Forum for Science, Industry and Business

Sponsored by:     3M 
Search our Site:


Prototyping with Industrial Robots

A shipping company must exercise patience whenever it needs a new a ship’s propeller: Its production is time consuming because a foundry workers must first fashion a model and a mold based on it. Industrial robots will support them in the future.

Ship’s propellers, parts for wind energy converters, turbine housings – such large-volume castings can only be produced with special molds. The procedure is elaborate and cost-intensive because foundry workers must still perform most of the work steps manually.

In the future, industrial robots will support skilled workers when they fabricate molds: Together with their partner firm Modell- und Formenbau GmbH Sachsen-Anhalt MFSA, researchers at the Fraunhofer Institute for Factory Operation and Automation IFF in Magdeburg have developed a procedure for this. “The robots produce large-volume models and molds faster and less expensively. Depending on the process, this can cut costs by up to a third.

Various tools can be combined flexibly with one another,” explains Torsten Felsch, Research Manager at the Fraunhofer IFF. The molds are milled directly out of a block – without losing time on a product model. KUKA Roboter GmbH in Augsburg is supporting this project: Thus, among other things, a standard KUKA robot is being utilized. The Fraunhofer researchers are scrutinizing the basics of robot use: Which milling path is optimal? How can algorithms be used to calculate it? What tools are best for robot use? Their colleagues at MFSA are implementing the findings directly in production.

Another method is often more cost effective for large quantities than direct milling: Since a mold is destroyed when a finished casting is extracted, workers first fashion a model of the casting to be produced, which serves as a pattern for molds. “The models are built up in layers. Usually, a worker saws out the individual sheets, bonds them atop one another and then machines the shape with a milling machine. Industrial robots will be able to take this over in the future,” says Felsch. How exactly does that function though?

First, the KUKA robot mixes a liquid two-component foam and applies one foam layer after another to the machined surface. Since an average layer is two centimeters thick, a relatively rough model of a casting is produced. Just as in direct milling, the software then supplies the milling parameters to the robot: Where must how much material be removed? What tool is best to use? The robotic machining processes are currently still in development. They could be supporting foundries in their work in one to two years.

Torsten Felsch | alfa
Further information:

All articles from Power and Electrical Engineering >>>

The most recent press releases about innovation >>>

Die letzten 5 Focus-News des innovations-reports im Überblick:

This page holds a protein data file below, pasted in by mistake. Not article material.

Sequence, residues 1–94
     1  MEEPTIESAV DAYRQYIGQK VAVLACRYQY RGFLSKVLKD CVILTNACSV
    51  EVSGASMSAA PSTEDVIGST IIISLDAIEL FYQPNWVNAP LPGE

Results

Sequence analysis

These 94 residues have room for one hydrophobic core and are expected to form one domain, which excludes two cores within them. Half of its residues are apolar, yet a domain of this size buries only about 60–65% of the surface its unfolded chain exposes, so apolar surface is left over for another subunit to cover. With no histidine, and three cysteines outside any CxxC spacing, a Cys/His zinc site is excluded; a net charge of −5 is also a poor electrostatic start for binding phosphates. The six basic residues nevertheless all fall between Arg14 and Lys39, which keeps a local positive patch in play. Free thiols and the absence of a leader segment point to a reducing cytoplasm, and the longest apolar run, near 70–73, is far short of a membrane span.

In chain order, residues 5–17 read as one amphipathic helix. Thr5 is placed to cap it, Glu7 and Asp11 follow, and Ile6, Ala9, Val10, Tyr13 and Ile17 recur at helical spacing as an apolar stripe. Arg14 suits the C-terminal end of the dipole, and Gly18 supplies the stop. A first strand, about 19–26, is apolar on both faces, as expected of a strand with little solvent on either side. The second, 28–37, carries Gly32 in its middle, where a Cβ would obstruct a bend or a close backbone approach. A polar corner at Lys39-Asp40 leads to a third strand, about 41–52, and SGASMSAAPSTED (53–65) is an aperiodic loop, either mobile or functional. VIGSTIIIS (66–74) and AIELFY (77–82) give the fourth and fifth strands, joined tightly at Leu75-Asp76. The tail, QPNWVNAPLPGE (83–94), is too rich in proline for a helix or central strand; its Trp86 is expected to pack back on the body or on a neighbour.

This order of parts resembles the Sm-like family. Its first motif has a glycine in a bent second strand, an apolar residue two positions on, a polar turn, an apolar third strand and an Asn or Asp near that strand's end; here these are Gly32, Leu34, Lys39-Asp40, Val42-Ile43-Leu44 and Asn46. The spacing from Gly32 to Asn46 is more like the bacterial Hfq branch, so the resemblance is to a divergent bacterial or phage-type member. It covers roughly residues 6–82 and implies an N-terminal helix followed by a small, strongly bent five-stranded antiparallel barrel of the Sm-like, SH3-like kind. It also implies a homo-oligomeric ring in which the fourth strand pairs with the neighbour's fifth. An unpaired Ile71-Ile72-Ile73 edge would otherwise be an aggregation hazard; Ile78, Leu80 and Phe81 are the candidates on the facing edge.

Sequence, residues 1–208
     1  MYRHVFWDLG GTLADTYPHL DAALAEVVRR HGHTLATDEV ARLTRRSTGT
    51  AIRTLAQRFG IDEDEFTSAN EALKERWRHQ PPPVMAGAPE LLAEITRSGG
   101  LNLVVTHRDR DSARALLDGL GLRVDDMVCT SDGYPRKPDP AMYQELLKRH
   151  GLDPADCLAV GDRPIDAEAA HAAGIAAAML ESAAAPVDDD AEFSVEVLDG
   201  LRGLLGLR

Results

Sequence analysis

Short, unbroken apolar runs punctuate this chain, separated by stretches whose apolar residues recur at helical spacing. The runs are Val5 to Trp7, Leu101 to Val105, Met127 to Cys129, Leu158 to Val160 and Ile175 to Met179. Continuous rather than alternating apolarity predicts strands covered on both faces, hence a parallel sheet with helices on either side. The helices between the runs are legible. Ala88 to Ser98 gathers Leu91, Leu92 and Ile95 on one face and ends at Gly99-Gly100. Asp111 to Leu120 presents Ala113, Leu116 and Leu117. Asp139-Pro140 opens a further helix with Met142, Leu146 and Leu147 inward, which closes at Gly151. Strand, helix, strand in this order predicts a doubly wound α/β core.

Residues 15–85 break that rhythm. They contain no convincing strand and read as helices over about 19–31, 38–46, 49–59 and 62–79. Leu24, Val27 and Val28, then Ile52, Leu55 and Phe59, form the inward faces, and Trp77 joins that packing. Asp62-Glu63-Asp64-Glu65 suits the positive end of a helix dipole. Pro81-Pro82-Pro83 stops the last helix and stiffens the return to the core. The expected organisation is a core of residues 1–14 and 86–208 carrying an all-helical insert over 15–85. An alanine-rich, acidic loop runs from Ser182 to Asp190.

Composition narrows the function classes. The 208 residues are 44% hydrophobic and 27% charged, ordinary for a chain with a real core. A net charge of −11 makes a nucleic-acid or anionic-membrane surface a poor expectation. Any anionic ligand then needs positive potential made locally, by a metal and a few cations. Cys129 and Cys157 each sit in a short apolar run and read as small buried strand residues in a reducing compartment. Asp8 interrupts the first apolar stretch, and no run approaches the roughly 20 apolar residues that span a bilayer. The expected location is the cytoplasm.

Im Focus: Locomotion control with photopigments

Researchers from Göttingen University discover additional function of opsins

Animal photoreceptors capture light with photopigments. Researchers from the University of Göttingen have now discovered that these photopigments fulfill an...

Im Focus: Surveying the Arctic: Tracking down carbon particles

Researchers embark on aerial campaign over Northeast Greenland

On 15 March, the AWI research aeroplane Polar 5 will depart for Greenland. Concentrating on the furthest northeast region of the island, an international team...

Im Focus: Unique Insights into the Antarctic Ice Shelf System

Data collected on ocean-ice interactions in the little-researched regions of the far south

The world’s second-largest ice shelf was the destination for a Polarstern expedition that ended in Punta Arenas, Chile on 14th March 2018. Oceanographers from...

Im Focus: ILA 2018: Laser alternative to hexavalent chromium coating

At the 2018 ILA Berlin Air Show from April 25–29, the Fraunhofer Institute for Laser Technology ILT is showcasing extreme high-speed Laser Material Deposition (EHLA): A video documents how for metal components that are highly loaded, EHLA has already proved itself as an alternative to hard chrome plating, which is now allowed only under special conditions.

When the EU restricted the use of hexavalent chromium compounds to special applications requiring authorization, the move prompted a rethink in the surface...

Im Focus: Radar for navigation support from autonomous flying drones

At the ILA Berlin, hall 4, booth 202, Fraunhofer FHR will present two radar sensors for navigation support of drones. The sensors are valuable components in the implementation of autonomous flying drones: they function as obstacle detectors to prevent collisions. Radar sensors also operate reliably in restricted visibility, e.g. in foggy or dusty conditions. Due to their ability to measure distances with high precision, the radar sensors can also be used as altimeters when other sources of information such as barometers or GPS are not available or cannot operate optimally.

Drones play an increasingly important role in the area of logistics and services. Well-known logistic companies place great hope in these compact, aerial...

All Focus news of the innovation-report >>>



Industry & Economy
Event News

Ultrafast Wireless and Chip Design at the DATE Conference in Dresden

16.03.2018 | Event News

International Tinnitus Conference of the Tinnitus Research Initiative in Regensburg

13.03.2018 | Event News

International Virtual Reality Conference “IEEE VR 2018” comes to Reutlingen, Germany

08.03.2018 | Event News

Latest News

Wandering greenhouse gas

16.03.2018 | Earth Sciences

'Frequency combs' ID chemicals within the mid-infrared spectral region

16.03.2018 | Physics and Astronomy

Biologists unravel another mystery of what makes DNA go 'loopy'

16.03.2018 | Life Sciences

Science & Research
Overview of more VideoLinks >>>